There are other reasons why we put maltodextrin on the beware list. Studies show that maltodextrin could be a risk factor for chronic inflammatory diseases. Among them is a 2012 study which revealed how maltodextrin can alter your gut bacteria and put you at risk for diseases and autoimmune disorders such as Crohn’s disease by increasing the growth of the bacteria E. coli.

Despite the fact that dextrose and maltodextrin are among the worst offenders for spiking your blood sugar, this hasn’t prevented low-calorie sweetener companies from adding them to their products. Beware of stevia brands that include it in their ingredient list. Just because a brand has the word “stevia” on the front of the package doesn’t mean it’s not hiding fillers such as dextrose or maltodextrin in the ingredients. Always check labels to make sure the stevia or stevia-sweetened product you are buying is pure with no high-glycemic or artificial fillers.

(Trim Healthy Mama offers minimally-processed, Pure Stevia Extract Powder that contains no added fillers.)


5. Vital Wheat Gluten


Gluten is a protein naturally found in certain grains. It serves as a binder that holds baked goods together and can improve their texture.

Vital wheat gluten is the isolated form of this gluten and it is quite common to find a small amount of it added as a binder in bread. This is especially true for store-bought sprouted bread since the gluten is naturally lowered during the sprouting process. In this case, you will usually see it listed toward the end of the ingredient list, showing it is used in only small amounts. While many people can handle vital wheat gluten in small amounts like this, if you know you’re sensitive, we don’t have to tell you to avoid any product that lists it at all. Even minute amounts can be problematic for those with auto-immune issues, and of course, it is highly dangerous for true celiacs.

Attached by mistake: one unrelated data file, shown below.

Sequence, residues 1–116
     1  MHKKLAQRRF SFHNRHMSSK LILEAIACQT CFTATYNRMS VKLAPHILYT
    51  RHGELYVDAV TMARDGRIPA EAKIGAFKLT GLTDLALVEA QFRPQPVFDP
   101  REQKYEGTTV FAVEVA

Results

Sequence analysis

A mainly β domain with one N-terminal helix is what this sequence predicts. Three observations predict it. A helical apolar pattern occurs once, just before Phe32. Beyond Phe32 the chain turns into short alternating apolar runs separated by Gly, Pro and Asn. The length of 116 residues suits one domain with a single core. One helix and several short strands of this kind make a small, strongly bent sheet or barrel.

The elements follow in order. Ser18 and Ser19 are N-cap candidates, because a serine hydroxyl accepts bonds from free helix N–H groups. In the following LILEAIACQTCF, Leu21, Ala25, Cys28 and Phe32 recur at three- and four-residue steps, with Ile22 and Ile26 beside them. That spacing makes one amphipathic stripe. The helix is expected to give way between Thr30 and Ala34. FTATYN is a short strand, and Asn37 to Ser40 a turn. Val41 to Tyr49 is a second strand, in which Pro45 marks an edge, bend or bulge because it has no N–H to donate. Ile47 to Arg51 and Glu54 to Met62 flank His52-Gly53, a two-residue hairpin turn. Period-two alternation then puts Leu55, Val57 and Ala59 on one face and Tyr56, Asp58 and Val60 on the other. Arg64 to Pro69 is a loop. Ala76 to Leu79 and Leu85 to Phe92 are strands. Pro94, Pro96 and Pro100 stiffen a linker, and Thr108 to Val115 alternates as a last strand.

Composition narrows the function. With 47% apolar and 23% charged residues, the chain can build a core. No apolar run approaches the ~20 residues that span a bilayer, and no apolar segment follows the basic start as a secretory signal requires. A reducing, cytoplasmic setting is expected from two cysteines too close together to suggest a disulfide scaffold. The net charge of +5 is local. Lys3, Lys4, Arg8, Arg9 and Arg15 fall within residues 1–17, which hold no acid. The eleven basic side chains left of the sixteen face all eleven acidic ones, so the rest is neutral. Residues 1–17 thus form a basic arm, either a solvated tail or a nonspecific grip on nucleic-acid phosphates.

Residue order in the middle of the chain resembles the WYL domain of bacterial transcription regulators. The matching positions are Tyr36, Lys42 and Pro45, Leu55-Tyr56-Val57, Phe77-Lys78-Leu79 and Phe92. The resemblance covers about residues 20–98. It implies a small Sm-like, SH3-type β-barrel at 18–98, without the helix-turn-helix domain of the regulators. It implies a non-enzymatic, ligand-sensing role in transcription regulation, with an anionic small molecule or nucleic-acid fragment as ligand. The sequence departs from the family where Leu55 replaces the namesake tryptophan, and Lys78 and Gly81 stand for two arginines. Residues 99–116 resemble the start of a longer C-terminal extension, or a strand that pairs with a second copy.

Lately, vital wheat gluten is being added to a great many low-carb products because of its high-protein, low-carb, and binding qualities. You’ll often find it as one of the top ingredients to replace actual wheat flour in “keto breads.” In fact, many times, it is often the very first ingredient listed! While this may technically make it a low-carb bread, it gives it an extraordinarily high amount of gluten – much higher than what would be naturally found in whole grains.

Another product that is often unnaturally high in gluten is seitan, a vegan substitute for meat.

As humans we are all so unique, and we handle gluten in different ways. On the Trim Healthy Plan, we have never demonized it. Instead, for those of us who can tolerate it, we’ve always suggested eating breads made with ancient grains vs modern wheat flour and made in either of two ways. First and preferable… true artisan sourdough that has had a good (minimum 7-hour) ferment time can reduce a significant portion of the gluten. Second in sprouted form… which as we mentioned earlier, also lowers gluten content. We do not recommend typical breads, even if whole grain, not made with these methods because there is much evidence surrounding the idea that gluten can be inflammatory, and even contribute to leaky gut in non-celiac or even non-sensitive people.

A study observing the effect of gliadin (which is a protein in gluten) on intestinal biopsies, discovered that gliadin causes inflammation and leaky gut indicators in everyone – from celiac) to non-celiac gluten-sensitive, to normal controls. In simple terms – gluten was shown to cause damage on all of the intestines, whether someone had gluten issues or not.

Celiac disease isn’t the only autoimmune disease that gluten has been linked to. There may be much wisdom in avoiding or limiting gluten when you need to reduce overall excess inflammation. There is evidence that gluten’s inflammatory impact may contribute to rheumatoid arthritis and Type-2 diabetes in babies during pregnancy, so you may want to reduce gluten while pregnant. Additionally, it is suggested that a gluten-free diet may possibly prevent diabetes.